ActionAid International is concerned about the police cordon and search raid on the offices of ActionAid Uganda, carried out yesterday afternoon. The stated motivation for the attacks – ‘involvement in illicit activities’ – is broad and unmotivated.
On Wednesday 20 September 2017 at about 4:30 pm local time, approximately 20 police and state security officials entered the ActionAid Uganda Head Offices in Kansanga, Kampala. All staff in the office were prevented from leaving for several hours as the police thoroughly searched the premises; they removed some documents; and confiscated cell-phones and laptops of some staff. No staff were physically harmed.
We understand that ActionAid Uganda may have been targeted because it is a key actor within a broader civil society coalition that is campaigning against the planned amendment of an article in the constitution that would scrap the presidential age limit. Civil society is calling on parliament to focus on the country’s more pressing needs, such as corruption, poverty, inequality, the ongoing and unprecedented spate of unexplained murders of women in and around Kampala and unemployment, especially among young people.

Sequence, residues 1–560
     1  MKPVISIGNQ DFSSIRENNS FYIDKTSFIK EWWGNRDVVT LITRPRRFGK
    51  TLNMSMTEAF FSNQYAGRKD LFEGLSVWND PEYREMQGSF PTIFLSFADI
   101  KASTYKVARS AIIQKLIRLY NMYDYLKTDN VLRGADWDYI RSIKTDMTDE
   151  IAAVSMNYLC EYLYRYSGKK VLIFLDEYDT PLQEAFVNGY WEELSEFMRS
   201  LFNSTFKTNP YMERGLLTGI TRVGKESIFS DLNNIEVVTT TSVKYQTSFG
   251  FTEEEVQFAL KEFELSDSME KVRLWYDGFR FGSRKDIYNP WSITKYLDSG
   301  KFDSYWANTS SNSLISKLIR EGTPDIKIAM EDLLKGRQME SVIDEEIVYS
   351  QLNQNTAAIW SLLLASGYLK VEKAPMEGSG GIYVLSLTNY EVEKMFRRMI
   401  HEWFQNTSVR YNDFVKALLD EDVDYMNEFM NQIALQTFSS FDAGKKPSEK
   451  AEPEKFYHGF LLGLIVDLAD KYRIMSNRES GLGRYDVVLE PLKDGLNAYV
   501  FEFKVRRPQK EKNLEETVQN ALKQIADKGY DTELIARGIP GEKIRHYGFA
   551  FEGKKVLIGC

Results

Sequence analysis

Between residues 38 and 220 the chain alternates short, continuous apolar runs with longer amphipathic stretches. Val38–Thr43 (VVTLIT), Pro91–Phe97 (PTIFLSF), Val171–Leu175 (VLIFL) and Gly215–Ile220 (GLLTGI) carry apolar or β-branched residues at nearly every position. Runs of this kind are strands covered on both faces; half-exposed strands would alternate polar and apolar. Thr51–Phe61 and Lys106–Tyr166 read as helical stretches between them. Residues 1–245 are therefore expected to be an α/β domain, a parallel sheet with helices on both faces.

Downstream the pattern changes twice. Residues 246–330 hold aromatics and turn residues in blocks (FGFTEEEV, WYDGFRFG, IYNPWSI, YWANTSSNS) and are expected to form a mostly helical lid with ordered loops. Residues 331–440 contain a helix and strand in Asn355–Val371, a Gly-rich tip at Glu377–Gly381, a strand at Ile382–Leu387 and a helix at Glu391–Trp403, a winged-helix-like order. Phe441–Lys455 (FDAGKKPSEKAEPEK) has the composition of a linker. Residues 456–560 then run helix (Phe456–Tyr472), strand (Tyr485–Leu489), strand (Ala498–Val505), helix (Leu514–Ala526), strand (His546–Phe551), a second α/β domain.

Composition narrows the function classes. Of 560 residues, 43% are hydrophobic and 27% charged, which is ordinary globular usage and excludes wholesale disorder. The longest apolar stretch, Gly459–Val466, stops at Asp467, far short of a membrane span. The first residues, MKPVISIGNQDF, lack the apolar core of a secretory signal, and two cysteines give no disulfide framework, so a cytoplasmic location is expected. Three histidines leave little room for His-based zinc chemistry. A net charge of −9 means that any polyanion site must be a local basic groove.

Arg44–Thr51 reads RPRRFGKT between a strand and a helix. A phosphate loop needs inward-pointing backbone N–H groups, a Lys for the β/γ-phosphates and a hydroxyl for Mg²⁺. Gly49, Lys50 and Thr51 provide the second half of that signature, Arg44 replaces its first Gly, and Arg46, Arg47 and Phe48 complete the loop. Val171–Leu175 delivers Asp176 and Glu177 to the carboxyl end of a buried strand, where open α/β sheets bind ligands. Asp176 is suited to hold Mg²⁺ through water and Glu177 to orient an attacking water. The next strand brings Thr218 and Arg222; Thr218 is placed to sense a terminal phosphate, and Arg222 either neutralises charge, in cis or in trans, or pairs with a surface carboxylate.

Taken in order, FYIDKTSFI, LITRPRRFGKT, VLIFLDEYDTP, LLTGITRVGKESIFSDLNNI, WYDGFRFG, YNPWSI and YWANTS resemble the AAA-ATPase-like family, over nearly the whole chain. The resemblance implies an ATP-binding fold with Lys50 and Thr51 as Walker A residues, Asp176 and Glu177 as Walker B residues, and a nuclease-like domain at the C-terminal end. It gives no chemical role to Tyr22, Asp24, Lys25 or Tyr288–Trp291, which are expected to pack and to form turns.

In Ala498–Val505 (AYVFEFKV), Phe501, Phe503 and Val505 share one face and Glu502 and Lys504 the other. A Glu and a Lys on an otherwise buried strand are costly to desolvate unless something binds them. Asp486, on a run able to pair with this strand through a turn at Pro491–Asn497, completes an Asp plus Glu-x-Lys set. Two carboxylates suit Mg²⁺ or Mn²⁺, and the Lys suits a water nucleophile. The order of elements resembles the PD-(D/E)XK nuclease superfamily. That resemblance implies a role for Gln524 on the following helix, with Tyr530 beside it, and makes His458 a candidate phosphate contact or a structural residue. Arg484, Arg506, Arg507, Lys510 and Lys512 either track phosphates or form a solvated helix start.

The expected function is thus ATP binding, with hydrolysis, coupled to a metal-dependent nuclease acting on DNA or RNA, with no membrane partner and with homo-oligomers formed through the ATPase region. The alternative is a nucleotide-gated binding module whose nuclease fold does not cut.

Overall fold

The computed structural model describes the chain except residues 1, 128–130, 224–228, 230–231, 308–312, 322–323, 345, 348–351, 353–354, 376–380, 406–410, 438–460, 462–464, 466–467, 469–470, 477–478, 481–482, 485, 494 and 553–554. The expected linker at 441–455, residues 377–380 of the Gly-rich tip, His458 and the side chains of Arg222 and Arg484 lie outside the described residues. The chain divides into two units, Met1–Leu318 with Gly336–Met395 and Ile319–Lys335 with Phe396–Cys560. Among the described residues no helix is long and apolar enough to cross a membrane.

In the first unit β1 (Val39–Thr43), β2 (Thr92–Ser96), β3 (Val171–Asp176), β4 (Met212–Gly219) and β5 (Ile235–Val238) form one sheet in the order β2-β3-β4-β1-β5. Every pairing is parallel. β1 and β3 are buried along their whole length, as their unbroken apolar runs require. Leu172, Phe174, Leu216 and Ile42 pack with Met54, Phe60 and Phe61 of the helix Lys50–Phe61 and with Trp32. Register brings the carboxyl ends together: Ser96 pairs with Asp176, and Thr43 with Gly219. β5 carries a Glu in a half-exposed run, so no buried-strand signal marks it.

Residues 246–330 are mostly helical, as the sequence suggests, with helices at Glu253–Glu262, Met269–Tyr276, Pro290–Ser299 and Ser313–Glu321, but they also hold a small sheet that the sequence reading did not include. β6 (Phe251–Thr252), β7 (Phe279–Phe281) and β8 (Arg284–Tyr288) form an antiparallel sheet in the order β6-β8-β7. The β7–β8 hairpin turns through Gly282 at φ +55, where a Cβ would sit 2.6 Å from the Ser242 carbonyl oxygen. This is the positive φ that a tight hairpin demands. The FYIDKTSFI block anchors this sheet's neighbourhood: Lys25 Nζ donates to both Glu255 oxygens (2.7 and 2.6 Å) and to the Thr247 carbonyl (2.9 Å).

We consider that the accusations against ActionAid Uganda are unfounded and believe that such attacks could have a detrimental impact on the people and communities with whom we work, our partners and civil society in general.
ActionAid remains committed to working with and supporting Uganda’s civil society and fight for justice and democracy. Secretary General of ActionAid International, Adriano Campolina, says ‘We are concerned about the shrinking of civic space within the country.’
ActionAid Uganda Country Director, Arthur Larok, states ‘Despite the inconveniences caused by the cordon and search operation by the police, we are unfazed about advancing our mission to tackle the primary cause of injustice and poverty in Uganda. Our spirit is unshaken and we shall cooperate with the police to see this expeditiously resolved.’
ActionAid has been working in Uganda since 1982. We work to defend the rights of women; the rights of poor and marginalised people to land, food and education; and the right for the people of Uganda to demand justice in the areas of tax, anti-corruption and political accountability.